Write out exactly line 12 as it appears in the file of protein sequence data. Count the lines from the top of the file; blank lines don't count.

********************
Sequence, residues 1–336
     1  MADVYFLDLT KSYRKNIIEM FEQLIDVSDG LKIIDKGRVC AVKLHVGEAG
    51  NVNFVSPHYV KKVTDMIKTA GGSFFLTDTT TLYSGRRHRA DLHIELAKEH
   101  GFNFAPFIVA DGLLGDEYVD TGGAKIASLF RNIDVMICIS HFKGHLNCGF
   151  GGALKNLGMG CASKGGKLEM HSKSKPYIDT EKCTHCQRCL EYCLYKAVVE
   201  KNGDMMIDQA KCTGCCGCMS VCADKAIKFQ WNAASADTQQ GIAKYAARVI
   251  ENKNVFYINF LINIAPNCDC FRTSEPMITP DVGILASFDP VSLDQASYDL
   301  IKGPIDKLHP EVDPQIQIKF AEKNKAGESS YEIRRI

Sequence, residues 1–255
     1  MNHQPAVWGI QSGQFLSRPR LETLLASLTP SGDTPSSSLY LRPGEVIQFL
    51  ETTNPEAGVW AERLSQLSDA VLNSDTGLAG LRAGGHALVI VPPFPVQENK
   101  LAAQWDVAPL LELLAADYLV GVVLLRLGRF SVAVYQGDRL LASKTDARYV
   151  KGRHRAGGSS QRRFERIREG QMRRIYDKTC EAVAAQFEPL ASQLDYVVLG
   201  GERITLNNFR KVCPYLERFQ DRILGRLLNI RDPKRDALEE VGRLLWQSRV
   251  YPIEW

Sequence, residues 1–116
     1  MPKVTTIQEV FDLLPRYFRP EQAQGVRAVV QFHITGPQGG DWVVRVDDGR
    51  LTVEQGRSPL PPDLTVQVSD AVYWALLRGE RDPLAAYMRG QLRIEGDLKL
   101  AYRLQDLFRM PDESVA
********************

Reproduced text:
   101  LAAQWDVAPL LELLAADYLV GVVLLRLGRF SVAVYQGDRL LASKTDARYV